The way I played involved always upgrading my weapons and trading it in the moment I got a higher level one. (When you salvage something you get half the money you spent on it, so it’s not a bad deal). All weapons have a power level and display their DPS, so if you really want to get into the nitty-gritty to ensure you’re dealing the most amount of damage possible, this game affords that. But, even though this lead to me constantly changing weapons, my strategy didn’t evolve much from the beginning.
The Fast and the Frenetic
This is combined with, in short, pretty bland level design. The platforming mostly consists of floating platforms and a couple of obstacles towards the end. And the enemy placement is designed in such a way that combat feels like it’s done in bite-sized chunks – as in, every room has a set of enemies, and after you deal with that set, it’s onto the next room.
But that’s just be being critical, as despite those issues, I still had fun from beginning to end. The boss fights are also pretty fun once you nail down their pattern, it’s just a shame that a couple get reused towards the end. When it comes to difficulty, this isn’t exactly the hardest game around. I only died six times – thrice in one level (was it a difficulty spike or did I just suck?), and thrice in the final boss (there is one attack which took me forever to figure out how to dodge…)
When you do die, there’s a system where you can either choose to instantly get half of the money you lost, or you can physically go and get it to get it all back (or lose it all if you die again). Though, running past enemies is surprisingly easy, and checkpoints are never more than several minutes apart when sprinting ahead, so it’s almost always better to go and get it. Thankfully, there is a fast travel system, meaning revisiting areas with new abilities to find more secrets is also an option.
A Bit of a Technical Mess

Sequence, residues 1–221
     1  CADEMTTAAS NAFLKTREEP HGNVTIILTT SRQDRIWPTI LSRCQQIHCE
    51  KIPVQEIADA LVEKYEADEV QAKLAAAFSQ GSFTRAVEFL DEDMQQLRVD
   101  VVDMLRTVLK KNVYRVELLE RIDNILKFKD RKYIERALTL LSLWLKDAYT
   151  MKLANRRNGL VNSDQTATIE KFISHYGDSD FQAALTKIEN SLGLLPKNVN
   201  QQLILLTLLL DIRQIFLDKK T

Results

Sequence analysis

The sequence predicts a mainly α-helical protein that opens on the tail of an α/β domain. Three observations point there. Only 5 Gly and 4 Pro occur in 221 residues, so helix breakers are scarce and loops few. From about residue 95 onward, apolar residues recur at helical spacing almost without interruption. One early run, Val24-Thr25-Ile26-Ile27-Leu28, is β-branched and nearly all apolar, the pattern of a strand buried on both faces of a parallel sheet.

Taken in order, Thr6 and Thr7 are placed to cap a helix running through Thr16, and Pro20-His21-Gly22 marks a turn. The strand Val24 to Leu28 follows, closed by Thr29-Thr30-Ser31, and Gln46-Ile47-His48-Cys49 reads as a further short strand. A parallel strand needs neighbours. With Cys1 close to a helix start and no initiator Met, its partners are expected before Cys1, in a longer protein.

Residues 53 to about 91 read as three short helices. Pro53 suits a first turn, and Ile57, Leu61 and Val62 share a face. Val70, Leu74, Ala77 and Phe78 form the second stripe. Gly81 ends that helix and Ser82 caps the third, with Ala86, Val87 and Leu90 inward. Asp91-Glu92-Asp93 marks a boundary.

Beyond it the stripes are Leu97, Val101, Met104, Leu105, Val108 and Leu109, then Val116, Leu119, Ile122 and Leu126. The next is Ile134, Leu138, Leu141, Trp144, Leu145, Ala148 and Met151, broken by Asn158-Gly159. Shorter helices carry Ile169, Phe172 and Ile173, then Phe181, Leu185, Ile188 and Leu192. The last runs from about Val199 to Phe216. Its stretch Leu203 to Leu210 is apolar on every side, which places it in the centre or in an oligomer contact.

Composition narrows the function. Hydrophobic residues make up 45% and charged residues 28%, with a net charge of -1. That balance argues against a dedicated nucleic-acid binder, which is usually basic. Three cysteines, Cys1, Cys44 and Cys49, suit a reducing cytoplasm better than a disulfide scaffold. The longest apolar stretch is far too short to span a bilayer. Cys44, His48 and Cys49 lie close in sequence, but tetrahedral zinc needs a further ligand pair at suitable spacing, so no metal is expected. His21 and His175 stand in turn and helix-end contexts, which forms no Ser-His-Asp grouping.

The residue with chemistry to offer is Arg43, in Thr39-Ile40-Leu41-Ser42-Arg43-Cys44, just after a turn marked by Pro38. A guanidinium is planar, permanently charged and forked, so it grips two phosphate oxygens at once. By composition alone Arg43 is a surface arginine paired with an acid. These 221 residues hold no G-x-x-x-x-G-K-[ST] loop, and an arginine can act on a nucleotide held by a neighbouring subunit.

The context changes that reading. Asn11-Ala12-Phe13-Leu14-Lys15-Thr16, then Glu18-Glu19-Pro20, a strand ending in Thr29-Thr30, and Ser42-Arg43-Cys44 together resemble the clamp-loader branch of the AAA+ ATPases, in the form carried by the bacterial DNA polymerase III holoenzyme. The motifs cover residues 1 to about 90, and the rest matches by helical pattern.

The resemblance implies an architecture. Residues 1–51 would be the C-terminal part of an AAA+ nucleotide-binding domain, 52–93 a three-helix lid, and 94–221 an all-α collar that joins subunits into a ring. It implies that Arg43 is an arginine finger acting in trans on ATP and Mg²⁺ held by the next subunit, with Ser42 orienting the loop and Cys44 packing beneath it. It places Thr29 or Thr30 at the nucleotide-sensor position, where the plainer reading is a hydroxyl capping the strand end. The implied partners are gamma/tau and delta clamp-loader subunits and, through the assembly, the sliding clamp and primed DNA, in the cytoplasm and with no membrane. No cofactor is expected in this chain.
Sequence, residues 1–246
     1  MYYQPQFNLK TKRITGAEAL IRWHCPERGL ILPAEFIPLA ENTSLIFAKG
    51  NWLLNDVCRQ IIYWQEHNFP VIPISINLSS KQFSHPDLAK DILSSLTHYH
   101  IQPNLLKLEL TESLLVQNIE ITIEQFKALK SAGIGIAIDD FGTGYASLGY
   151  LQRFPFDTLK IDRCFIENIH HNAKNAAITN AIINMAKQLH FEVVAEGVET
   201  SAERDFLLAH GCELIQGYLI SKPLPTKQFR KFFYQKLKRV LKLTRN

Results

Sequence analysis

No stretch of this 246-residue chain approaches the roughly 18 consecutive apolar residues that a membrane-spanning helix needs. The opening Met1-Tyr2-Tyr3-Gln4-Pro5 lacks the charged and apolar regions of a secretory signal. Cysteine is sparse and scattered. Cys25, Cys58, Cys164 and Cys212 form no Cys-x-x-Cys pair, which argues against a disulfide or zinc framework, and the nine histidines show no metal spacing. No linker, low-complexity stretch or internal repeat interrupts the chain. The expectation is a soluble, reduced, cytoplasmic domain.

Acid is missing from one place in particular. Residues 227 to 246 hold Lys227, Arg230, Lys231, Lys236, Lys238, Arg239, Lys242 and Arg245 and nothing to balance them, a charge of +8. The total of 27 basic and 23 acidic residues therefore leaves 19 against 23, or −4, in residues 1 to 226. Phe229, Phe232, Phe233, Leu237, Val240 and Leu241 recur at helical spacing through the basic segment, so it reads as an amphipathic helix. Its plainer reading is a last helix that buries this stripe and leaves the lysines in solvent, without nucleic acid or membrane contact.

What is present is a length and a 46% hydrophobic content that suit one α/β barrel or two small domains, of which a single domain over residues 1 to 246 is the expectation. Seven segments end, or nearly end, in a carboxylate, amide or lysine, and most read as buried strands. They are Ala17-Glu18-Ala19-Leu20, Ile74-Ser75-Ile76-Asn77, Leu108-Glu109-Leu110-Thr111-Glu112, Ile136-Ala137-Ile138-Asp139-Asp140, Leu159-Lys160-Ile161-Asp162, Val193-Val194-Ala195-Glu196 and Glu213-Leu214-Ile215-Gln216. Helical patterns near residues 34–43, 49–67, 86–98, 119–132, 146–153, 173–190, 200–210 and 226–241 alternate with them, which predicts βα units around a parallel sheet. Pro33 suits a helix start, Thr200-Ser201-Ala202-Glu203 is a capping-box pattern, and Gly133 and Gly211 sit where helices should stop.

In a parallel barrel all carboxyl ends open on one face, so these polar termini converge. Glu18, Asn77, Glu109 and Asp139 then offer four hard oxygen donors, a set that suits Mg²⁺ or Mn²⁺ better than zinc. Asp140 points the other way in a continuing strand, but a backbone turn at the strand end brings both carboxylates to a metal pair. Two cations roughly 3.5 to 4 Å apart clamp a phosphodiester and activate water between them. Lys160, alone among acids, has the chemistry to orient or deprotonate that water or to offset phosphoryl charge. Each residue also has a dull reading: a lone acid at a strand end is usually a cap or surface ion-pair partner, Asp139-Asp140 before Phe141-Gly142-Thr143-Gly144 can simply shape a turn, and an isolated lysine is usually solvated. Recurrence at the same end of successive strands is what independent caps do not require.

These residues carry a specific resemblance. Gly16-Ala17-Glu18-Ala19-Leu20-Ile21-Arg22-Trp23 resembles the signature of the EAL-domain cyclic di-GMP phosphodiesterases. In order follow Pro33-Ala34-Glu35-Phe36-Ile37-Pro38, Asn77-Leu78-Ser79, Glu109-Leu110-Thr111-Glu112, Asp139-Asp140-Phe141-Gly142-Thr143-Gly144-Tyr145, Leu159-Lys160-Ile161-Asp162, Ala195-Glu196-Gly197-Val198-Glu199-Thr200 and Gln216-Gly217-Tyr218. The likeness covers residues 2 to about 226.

When it comes to the presentation, this game is a beauty. It’s filled to the brim with luscious backgrounds and detailed animations. It truly is pixel art done right. The music on the other hand, while decent enough, did not leave much of an impression. The same goes for the voice acting, but much like with the story, there isn’t much of it until towards the end, so again, I’m indifferent to it. The real problem with the presentation though, is the technical side of things, unfortunately.
The game runs with an unlocked framerate and unfortunately almost never hits 60fps. Due to how stuttery it is I wish they had included a way to cap it as it does feel rather sluggish. But that’s not even the biggest issue. At around the halfway point, my game started frequently going to around the 20fps mark (this was judging by eye of course, but it was baaad.) It made combat feel miserable. Then suddenly, during a loading screen, the game crashed.
This only happened once so the crash in itself wasn’t the issue (the game saves before loading), but when the game rebooted, it was running much better than before. So yes, it turns out leaving the game on for a while actually affects performance. I have not once experienced this with any other Switch game, so it’s honestly quite baffling and I hope the developers can fix it in a patch, but bear in mind if you do decide to dip in, maybe quit out of the game once you’re done for the day.
A Foregone Conclusion?
All told then, Foregone is far from a perfect game. A lack of variety with both the loot and combat, a pretty forgiving difficulty curve, and framerate issues on Switch. But it says a lot then that I feel the combat managed to make things shine despite all that. It always felt great to enter a room and just destroy everything that was moving in just a few seconds. Maybe the comparisons people have drawn about this game are apt. But from my perspective, this game is well and truly its own thing.
- Luscious pixel art
- Fast-paced and aggressive combat
- Fun bosses
- Very inconsistent framerate
- Not much challenge
- Weapons and loot lack variety
Foregone is greater than the sum of its parts; while it has its issues, its combat manages to make it shine regardless